This is my personal blog, on which I talk about a variety of topics purely as they catch my fancy. Some topics are serious, others whimsical. I love comments and questions so don't be shy, just courteous, even if you don't agree with me. I have another blog, The Story Template, on which I post writing-related topics on Tuesdays and Fridays.

Let's see, a bit about me... I'm married with two children, and spend much time taking care of our family. In my life BC (before children) I was a scientist who did bench research. I am a Christian who came to faith under protest through studying the historic circumstances surrounding the death of Jesus. I've written one novel, A Lever Long Enough, that I'm honored to say has won two awards. I also have written a nonfiction book, The Story Template: Conquer Writer's Block Using the Universal Structure of Story. This book is a programmed learner-type book that helps you, the writer, develop a complete compelling story (novel or screenplay) from a vague idea.

YOU CAN CONTACT ME at amydeardon at yahoo dot com.

Thursday, January 12, 2012

You Become Who You Wish to Be

I’m dating myself here. Growing up in the 70s and 80s, I was delighted to find after school a television channel that showed reruns of the original Star Trek series with William Shatner and Leonard Nimoy. Yeah, they were cheesy, but to a young girl they were “fascinating.” Along with books and Star Wars, these were my first initiation into ideas of bending reality and alternate worlds. A few years later I was excited to watch Star Trek: Next Generation. This was objectively a better series, with more complex characters and occasionally a truly mind-twisting premise. The cardboard walls and Christmas tree lights were gone. Yes, maybe the Next Generation episodes were sometimes silly, but as in the first series, full of optimism and derring do.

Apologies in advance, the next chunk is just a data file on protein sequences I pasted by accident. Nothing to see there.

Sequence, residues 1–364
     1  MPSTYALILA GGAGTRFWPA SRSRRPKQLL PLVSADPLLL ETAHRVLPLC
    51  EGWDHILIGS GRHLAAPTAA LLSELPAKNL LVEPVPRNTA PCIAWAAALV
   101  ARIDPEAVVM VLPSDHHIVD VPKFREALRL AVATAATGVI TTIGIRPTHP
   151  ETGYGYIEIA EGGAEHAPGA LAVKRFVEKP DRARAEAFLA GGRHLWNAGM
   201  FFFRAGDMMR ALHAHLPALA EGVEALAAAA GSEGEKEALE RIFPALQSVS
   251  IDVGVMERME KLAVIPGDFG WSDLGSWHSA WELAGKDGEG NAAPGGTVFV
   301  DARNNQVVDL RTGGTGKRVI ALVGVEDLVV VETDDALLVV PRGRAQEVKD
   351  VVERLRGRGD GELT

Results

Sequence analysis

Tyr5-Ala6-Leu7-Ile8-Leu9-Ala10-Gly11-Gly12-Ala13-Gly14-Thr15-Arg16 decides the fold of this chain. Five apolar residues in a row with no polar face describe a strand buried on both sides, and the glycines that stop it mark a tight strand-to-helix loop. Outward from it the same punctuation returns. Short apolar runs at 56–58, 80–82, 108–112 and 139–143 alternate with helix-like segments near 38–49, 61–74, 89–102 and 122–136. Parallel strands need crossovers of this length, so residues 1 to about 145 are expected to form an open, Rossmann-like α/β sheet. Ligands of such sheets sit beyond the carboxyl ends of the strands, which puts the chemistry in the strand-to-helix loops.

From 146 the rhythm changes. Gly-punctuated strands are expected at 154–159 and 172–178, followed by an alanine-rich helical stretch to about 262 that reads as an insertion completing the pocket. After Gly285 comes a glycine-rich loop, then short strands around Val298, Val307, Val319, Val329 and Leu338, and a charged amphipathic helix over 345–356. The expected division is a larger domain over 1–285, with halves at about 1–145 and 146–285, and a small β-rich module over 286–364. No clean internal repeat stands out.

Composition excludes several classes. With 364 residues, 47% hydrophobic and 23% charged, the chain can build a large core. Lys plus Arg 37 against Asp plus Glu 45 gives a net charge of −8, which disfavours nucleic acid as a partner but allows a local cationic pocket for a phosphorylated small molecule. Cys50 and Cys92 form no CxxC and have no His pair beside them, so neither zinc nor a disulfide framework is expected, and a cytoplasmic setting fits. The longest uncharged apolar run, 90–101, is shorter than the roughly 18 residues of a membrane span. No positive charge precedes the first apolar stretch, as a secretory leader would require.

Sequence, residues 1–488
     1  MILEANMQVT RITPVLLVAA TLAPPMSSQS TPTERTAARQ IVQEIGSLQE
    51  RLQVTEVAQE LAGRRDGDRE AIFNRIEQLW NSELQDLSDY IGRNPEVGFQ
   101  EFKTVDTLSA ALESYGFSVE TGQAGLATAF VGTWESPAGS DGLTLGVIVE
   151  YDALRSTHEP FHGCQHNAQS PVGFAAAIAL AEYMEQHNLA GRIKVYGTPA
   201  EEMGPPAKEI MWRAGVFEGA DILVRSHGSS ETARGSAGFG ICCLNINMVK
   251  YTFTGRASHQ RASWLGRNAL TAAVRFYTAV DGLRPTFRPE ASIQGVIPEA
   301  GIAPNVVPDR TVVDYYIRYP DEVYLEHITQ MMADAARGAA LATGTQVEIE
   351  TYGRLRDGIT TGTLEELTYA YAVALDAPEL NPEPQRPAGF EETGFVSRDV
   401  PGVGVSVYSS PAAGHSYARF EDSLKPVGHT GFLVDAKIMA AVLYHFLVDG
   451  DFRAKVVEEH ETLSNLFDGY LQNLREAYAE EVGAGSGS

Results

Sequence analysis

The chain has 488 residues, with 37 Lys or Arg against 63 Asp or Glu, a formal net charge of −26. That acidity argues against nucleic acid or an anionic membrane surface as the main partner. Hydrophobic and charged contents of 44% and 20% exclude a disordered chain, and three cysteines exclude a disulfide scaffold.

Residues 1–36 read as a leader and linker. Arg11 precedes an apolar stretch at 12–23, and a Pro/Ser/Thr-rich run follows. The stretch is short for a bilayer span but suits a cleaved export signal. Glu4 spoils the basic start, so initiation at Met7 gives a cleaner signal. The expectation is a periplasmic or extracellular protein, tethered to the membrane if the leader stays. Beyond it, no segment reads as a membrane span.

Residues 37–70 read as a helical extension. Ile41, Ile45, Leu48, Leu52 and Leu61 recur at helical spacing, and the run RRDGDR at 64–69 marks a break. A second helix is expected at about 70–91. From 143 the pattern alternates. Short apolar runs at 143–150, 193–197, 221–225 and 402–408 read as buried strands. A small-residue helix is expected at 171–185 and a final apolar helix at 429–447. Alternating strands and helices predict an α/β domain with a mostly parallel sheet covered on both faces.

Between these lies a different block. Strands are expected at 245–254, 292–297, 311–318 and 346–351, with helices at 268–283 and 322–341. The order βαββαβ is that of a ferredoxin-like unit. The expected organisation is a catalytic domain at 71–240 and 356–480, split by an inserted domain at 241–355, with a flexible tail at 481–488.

I love to contrast the characters of Spock and Data from the two series. Spock is a Vulcan – a humanoid who prizes logic and rationality more than anything. Spock never showed emotion, at least until the actor complained and the writers built in a half-human side and a few episodes in which he could deliver a larger emotional range.

Data, on the other hand, is the quintessential Pinocchio: an android built by Dr. Noonian Soong who is incapable of experiencing emotion, although he desperately pursues this aim. Among other things Data learns painting, plays poker, and adopts a cat (Spot), but never quite gets it.

Interestingly, I think of Spock as less human-like than Data. Spock, who is human but wishes to be unemotional, is perceived as unemotional. Data, who is without emotions but “desires” to become human, is perceived as human -- although the crew never forget that he is an android, they always interact with him in a human-like way.

Of course, this perception on my part, as the audience, might be due to skillful acting and writing that imbues a limited character with greater depth. But assuming that this is a true observation, I’ve often pondered why this might be. I think it comes down to this: the characters are perceived, not as who they are or even who they see themselves as, but who they desire to be.

This is a powerful thought.

Who are you aiming to be? What do you wish to accomplish? More than many other factors, these goals will define who you are.


  1. A couple years ago I bought all three seasons of TOS on DVD, and my family watched every single episode, in sequence, over the course of that summer. One episode per day. I recall that "Star Trek summer" with fondness. It brought back many fond memories of youth in the '60s.

    After seeing one episode, my pre-teen daughter was hooked. That gave me joy. Compared with all the garbage sitcoms on TV these days, Star Trek (TOS)really portrayed some _very_ good messages.

    OTOH, TNG went for political correctness. After hearing "...to boldly go where no ONE has gone before" I was really disappointed. Not by the split infinitive. Out of respect for TOS, this sentence is not something that should have been tampered with. Also, I am by no means a sexist, but I get enough political correctness at work; I don't also need it in my entertainment. Immediately turned it off and never watched a single episode of that.

  2. Thanks for stopping by! I loved the first series. It embodied the optimism and sense of unlimited options of the 60s generation. (Not that I'm a fan of flower children values, but find it interesting to reflect how their "love, peace, and togetherness" of the 60s morphed into an increased isolation in the 70s).

    OK, yeah, The Next Generation is politically correct. But it's still a fabulous series! The acting, especially by Patrick Stewart (Jean-Luc Picard), is quite good. Most of the ideas were fairly pedestrian but a few really knocked the ball out of the park.

    Both series are good for different reasons. But I'm unabashed to say I love both. They lost me with Deep Space Nine -- hated it. Now, Stargate is another cool series...